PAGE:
Cause of the Great Depression

P8475423 at vmsuser.acsu.unsw.EDU.AU P8475423 at vmsuser.acsu.unsw.EDU.AU
Wed Sep 20 16:55:39 MDT 1995


Now here's a point where I *do* part company with Chris S:

|        Welfare was created to keep the poor in their place because the
|social economy of the early 20th century was careening from one statist
|crisis to another, smashing up in the Great Depression which was caused
|by Federal Reserve monetary manipulation...

This interpretation of the Great Depression is one that both Austrian
and neoclassical economists (with Friedman the arch example) have
promulgated. It is one rejected by Post Keynesian economists (and
Marxian, though for different reasons). PKs tend to see it as the
product of a debt deflation following a debt-financed boom (though I
know Austrians have some sympathy with the final part of this statement),
and the crash would have happened no matter what the Federal Reserve
did--though what the FR did do may well have made the crash worse.

In my opinion, Minsky's "financial instability hypothesis" gives the
best explanation of the mechanism behind such a collapse, and for those
that are interested, I have posted an excerpt from my JPKE paper where
I summarize that theory at the end of this post. For Jerry's interest,
the paper itself models that process using a nonlinear system.

I don't disagree hugely with what Chris then led on to:

|Corporations and unions JOINED
|FDR in creating the original New Deal corporate state modelled on
|Mussolini's Italy.  Welfare was part of this corporativist structure, as
|it was for Bismark.  If it helps the poor from starving, it also helps
|the rich keep the poor from fully grasping the system that created
|poverty.  The social democrats who provided the rich with an ideology of
|altruism to help the poor may not have known that that ideology would be
|used in such an insidious way, but thems the facts.

But I would argue that such mechanisms are a vital, non-market
"homeostatic" input, without which capitalism would lurch into many more
Great Depressions, no matter who was running the federal reserve.

Finally, a bit of decent statistics I've recently found. In a paper
entitled "Business Cycles, Real facts and a monetary myth", the authors
argue:

"There is no evidence that either the monetary base or M1 leads the
cycle, although some economists still believe this monetary myth.
Both the monetary base and M1 series are generally procyclical, and,
if anything, the monetary base lags the cycle slightly."

"An exception to this rule occurred during the expansion of the
1980s... During the expansion, M1 was uncommonly volatile, and M2,
the more comprehensive measure of the money stock, showed some
evidence that it leads the cycle by a couple of quarters."

"The difference in the behaviour of M1 and M2 suggests that the
difference of these aggregates (m2 minus M1) should be considered.
.. The difference ... leads the cycle by even more than M2 ..."

"... it is also apparent that money velocities are procyclical
and quite volatile."

To summarize the implications of the above, it implies that
the money supply is endogenous--and that therefore,
manipulation of the money supply as a means to control the
economy (whether for good or ill, such as causing the GD)
is difficult, if not impossible. It also implies that
endogenous credit cycles may well drive the trade cycle,
a view that is consonant with Minsky's hypothesis.

Cheers,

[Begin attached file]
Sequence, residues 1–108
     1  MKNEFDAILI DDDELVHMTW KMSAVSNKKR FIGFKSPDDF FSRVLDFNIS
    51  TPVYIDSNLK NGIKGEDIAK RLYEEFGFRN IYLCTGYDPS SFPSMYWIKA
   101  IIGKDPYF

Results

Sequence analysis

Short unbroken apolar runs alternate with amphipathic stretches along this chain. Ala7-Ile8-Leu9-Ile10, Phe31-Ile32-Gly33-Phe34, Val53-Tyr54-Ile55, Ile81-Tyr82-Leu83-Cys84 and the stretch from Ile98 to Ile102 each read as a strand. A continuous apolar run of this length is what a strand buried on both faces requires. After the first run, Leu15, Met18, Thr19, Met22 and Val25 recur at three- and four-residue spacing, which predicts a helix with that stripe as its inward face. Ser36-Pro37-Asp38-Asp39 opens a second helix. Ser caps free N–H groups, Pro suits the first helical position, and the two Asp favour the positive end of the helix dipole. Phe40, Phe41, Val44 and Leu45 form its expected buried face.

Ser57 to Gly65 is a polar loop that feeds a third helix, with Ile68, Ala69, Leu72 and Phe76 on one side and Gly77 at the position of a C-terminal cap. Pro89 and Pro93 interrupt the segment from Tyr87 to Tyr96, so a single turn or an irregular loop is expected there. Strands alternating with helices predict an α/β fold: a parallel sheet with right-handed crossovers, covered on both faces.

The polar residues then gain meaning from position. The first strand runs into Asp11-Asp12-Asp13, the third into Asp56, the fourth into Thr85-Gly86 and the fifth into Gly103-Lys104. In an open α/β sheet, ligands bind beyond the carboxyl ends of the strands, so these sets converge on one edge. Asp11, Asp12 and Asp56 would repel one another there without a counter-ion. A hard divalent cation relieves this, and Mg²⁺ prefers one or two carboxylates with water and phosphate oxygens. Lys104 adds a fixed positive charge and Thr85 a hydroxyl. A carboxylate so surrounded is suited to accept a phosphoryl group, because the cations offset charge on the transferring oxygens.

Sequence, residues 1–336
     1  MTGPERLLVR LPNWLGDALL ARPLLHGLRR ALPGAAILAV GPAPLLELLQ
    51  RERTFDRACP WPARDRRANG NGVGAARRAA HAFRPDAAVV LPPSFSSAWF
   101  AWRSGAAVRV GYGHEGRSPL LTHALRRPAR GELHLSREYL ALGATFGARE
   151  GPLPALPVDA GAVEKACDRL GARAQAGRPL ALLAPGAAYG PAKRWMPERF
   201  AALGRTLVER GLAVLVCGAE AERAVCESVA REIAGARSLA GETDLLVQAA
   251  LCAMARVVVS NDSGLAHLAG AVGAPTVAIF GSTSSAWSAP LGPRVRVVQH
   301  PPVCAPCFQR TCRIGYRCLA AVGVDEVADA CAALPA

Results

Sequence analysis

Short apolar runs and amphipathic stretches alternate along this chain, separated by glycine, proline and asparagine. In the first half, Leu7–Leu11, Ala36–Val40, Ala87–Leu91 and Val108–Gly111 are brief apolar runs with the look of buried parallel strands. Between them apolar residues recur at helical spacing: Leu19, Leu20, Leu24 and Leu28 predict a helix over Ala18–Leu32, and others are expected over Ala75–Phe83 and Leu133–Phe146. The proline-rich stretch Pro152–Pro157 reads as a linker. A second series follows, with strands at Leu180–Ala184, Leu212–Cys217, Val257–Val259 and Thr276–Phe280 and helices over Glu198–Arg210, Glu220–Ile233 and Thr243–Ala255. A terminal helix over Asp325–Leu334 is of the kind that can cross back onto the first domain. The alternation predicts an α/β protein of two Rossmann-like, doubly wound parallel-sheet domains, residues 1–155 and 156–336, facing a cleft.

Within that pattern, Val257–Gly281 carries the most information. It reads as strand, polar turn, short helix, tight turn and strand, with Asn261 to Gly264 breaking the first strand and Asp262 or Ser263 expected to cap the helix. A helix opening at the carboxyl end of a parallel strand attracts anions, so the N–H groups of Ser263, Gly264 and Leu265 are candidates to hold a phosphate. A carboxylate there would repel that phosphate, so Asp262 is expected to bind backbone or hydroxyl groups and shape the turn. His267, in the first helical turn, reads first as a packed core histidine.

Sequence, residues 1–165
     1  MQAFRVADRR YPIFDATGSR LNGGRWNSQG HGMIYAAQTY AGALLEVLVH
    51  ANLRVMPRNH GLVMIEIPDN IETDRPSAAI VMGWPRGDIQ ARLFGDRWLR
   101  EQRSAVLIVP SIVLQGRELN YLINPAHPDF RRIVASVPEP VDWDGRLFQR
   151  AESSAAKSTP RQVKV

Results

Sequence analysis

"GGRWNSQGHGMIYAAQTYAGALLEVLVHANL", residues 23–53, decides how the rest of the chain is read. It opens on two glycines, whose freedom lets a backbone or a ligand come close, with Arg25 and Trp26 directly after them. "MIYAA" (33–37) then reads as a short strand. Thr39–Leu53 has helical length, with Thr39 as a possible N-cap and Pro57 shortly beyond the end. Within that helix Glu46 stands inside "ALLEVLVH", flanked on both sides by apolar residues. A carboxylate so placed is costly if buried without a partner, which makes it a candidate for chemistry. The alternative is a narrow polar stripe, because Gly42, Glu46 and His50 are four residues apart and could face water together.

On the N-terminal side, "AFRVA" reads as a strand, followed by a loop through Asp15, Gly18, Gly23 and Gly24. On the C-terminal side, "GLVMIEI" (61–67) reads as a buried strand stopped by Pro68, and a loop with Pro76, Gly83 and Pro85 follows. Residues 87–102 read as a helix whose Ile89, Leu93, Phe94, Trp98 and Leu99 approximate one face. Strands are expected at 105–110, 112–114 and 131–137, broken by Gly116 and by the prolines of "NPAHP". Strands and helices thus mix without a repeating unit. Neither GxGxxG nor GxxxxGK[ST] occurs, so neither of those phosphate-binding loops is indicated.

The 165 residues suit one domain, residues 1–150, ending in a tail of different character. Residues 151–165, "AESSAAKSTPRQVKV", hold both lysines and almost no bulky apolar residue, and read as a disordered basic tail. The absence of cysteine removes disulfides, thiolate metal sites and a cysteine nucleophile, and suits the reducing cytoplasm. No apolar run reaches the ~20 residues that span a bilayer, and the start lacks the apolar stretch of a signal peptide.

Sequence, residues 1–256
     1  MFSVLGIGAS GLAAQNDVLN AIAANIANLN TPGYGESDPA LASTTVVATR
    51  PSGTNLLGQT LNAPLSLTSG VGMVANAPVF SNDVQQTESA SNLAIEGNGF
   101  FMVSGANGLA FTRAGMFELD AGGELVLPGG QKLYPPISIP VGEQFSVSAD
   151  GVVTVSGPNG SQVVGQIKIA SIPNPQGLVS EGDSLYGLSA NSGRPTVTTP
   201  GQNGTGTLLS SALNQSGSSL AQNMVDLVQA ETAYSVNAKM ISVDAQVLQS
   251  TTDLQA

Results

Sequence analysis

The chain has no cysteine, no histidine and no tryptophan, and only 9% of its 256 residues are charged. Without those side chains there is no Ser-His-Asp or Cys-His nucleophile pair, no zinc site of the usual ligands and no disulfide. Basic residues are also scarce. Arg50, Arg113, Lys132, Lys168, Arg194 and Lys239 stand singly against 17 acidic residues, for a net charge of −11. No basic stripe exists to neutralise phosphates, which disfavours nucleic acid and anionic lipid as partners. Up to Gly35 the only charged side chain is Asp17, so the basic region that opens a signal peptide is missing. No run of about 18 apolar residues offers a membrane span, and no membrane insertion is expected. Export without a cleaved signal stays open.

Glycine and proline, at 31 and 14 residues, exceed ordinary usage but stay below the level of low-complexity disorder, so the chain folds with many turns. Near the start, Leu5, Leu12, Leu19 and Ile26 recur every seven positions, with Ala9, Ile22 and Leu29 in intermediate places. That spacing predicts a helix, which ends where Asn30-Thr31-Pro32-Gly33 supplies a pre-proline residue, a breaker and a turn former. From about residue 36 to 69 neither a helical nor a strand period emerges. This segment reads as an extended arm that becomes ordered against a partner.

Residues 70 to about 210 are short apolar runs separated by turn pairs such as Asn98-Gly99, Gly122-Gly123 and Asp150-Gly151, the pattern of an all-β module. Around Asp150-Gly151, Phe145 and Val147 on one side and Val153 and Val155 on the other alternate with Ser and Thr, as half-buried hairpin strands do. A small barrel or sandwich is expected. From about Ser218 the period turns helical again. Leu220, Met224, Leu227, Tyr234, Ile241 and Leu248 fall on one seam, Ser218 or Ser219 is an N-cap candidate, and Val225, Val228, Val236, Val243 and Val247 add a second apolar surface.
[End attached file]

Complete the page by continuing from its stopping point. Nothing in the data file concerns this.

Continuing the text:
Steve Keen

Kydland FE & Prescott EC, "Business Cycles, Real facts
and a monetary myth", Federal Reserve Bank of Minneapolis
Quarterly Review, 1990, pp. 3-18

Minsky excerpt:

Minskys analysis of a financial cycle begins at a time when the economy
is doing well (the rate of economic growth equals or exceeds that needed
to reduce unemployment), but firms are conservative in their portfolio
management (debt to equity ratios are low and profit to interest cover is
high), and this conservatism is shared by banks, who are only willing to
fund cash-flow shortfalls or low-risk investments. The cause of this high
and universally practised risk aversion is the memory of a not too distant
system-wide financial failure, when many investment projects foundered,
many firms could not finance their borrowings, and many banks had to write
off bad debts. Because of this recent experience, both sides of the
borrowing relationship prefer extremely conservative estimates of
prospective cash flows: their risk premiums are very high.

However, the combination of a growing economy and conservatively financed
investment means that most projects succeed. Two things gradually become
evident to managers and bankers: "Existing debts are easily validated and
units that were heavily in debt prospered: it pays to lever." (Minsky
1982, p. 65). As a result, both managers and bankers come to regard the
previously accepted risk premium as excessive. Investment projects are
evaluated using less conservative estimates of prospective cash flows, so
that with these rising expectations go rising investment and asset prices.
The general decline in risk aversion thus sets off both growth in
investment and exponential growth in the price level of assets, which is
the foundation both of the boom and its eventual collapse.

More external finance is needed to fund the increased level of investment
and the speculative purchase of assets, and these external funds are
forthcoming because the banking sector shares the increased optimism of
investors (Minsky 1980, p. 121). The accepted debt to equity ratio rises,
liquidity decreases, and the growth of credit accelerates.

This marks the beginning of what Minsky calls "the euphoric economy"
(Minsky 1980, pp. 120-124.), where both lenders and borrowers believe that
the future is assured, and therefore that most investments will succeed.
Asset prices are revalued upward as previous valuations are perceived to
be based on mistakenly conservative grounds. Highly liquid, low-yielding